LTO Links #38

Facebook now favors longer videos

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LTO Links

Issue #38 |


Snapchat Offers to Bill Brands for Ads Based on TV-Style Ratings From Nielsen

"On Tuesday, the media app confirmed it would let brands plan and pay for ad campaigns using Nielsen's digital ratings. It's a small tweak to the ad offering, but comes as Snapchat looks to show that its ads are on par with its digital rivals and traditional television."


Trump 101: What he reads and watches

"He'll scroll through Twitter, but he doesn't surf the web himself."


Conversions Are for Closers: Using Conversion-Centered Design Principles to Inspire More Clicks

"Another critical part of the conversion equation is what you actually write on your buttons: your call to action."


Facebook Is Changing How It Ranks Videos in the News Feed

"The social network will favor longer videos with high percent-completion rates over short-form content and long-form videos that people don't spend much time viewing."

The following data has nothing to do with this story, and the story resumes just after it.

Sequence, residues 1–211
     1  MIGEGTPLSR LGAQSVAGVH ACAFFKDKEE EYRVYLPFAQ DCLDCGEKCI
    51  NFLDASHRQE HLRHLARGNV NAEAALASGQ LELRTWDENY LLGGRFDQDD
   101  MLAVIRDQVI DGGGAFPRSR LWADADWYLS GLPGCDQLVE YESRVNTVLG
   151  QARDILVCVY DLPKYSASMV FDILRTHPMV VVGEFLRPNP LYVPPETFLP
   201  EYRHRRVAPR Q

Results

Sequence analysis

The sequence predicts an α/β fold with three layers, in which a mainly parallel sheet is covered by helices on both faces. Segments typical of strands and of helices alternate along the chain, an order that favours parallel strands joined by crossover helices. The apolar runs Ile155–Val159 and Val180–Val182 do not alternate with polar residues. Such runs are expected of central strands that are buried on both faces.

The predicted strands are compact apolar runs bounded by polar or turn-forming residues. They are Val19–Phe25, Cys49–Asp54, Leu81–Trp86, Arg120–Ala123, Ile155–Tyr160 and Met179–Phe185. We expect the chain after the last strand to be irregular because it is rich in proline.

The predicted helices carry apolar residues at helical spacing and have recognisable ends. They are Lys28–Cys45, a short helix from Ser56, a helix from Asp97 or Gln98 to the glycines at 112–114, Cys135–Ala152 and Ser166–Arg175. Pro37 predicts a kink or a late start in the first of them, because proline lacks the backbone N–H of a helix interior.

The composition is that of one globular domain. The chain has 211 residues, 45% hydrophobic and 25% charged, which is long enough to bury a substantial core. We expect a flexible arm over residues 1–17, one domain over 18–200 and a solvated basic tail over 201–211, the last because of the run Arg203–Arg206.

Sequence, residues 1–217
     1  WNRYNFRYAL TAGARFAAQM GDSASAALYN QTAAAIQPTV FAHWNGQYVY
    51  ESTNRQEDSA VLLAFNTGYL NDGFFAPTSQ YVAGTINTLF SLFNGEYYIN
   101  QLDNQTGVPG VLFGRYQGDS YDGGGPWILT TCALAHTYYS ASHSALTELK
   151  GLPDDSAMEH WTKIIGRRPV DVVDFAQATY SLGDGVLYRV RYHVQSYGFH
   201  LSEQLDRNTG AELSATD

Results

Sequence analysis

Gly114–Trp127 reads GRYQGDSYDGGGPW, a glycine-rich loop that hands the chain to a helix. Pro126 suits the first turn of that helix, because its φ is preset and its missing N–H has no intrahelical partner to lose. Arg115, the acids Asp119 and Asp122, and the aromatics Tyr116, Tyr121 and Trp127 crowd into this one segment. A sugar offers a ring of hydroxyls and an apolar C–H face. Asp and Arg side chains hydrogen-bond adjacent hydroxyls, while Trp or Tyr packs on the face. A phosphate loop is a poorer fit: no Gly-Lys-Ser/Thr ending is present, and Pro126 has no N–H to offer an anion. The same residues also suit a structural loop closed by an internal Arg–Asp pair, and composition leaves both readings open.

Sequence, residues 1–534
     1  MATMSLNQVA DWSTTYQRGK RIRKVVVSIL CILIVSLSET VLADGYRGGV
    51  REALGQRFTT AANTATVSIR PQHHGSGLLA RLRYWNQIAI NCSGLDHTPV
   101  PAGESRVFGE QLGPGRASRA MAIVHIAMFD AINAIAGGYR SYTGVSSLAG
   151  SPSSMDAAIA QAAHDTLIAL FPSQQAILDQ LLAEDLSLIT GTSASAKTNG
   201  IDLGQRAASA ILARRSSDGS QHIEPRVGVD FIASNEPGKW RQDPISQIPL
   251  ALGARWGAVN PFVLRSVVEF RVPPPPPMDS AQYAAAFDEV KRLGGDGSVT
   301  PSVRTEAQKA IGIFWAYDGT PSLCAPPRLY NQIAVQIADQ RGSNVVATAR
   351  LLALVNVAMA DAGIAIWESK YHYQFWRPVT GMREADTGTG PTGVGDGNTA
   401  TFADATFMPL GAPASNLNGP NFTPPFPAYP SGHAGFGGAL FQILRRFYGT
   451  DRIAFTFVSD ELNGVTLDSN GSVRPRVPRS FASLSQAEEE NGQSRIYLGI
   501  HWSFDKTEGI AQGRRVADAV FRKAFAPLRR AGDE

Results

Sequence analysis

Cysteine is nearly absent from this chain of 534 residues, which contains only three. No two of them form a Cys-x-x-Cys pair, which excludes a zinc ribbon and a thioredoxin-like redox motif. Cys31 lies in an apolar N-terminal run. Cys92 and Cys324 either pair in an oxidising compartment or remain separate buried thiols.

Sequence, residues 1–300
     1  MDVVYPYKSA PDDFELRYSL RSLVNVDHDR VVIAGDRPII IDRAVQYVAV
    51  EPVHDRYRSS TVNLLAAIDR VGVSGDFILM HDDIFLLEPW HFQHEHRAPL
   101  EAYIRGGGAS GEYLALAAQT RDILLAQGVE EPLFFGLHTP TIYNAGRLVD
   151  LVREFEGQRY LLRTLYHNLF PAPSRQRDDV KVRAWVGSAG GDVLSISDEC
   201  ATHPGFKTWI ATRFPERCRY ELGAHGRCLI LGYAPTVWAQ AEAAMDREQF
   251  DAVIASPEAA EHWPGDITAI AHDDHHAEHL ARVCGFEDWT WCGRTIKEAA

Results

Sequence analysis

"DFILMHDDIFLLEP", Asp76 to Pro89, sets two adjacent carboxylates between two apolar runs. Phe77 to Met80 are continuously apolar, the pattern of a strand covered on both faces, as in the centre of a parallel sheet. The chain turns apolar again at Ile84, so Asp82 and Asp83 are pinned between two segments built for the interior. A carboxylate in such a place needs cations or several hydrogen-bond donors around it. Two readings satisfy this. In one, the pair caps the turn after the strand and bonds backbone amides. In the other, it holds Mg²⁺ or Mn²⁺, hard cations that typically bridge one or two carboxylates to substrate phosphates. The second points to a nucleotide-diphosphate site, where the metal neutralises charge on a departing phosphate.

Inside Hillary Clinton's social media campaign for the White House – tech podcast

"Producer Matt speaks to Emmy about her team’s social media strategy throughout the primaries and general election, how, in retrospect, they might have done things differently given the outcome of the election, and the campaign’s viral ‘Delete your account’ tweet."

Rogue National Park Accounts Emerge On Twitter Amid Social Media Gag Orders

"The AltUSNatParkService account, for its part, grabbed the spotlight on Wednesday, racking up some 600,000 followers in the span of 24 hours. The account claims to be run by current park rangers, which NPR could not confirm. The location of this group is also unclear as they made references to Mount Rainier in Washington as well as the local Washington, D.C., time."


Matt Cutts steps down from Google, steps up at the U.S. Digital Service

"The USDS, a self-described 'startup at the White House,' is a specialized team tasked with making the government’s many websites, services, and other digital resources run so smoothly that the rest of us don’t notice them at all."

SSL, But For The Veracity of News

"A big part of the problem: all of the ways to verify whether a news site is real are currently manual. Check the author. Use Snopes. Look for evidence. There’s a Chrome plugin, but that requires the user to install it. Tech-savvy people might install a Chrome plugin, but your well-intentioned great aunt won’t. We should be able to automate a solution to this.

"We can’t leave it up to the user to verify whether the news they’re reading is factually correct. "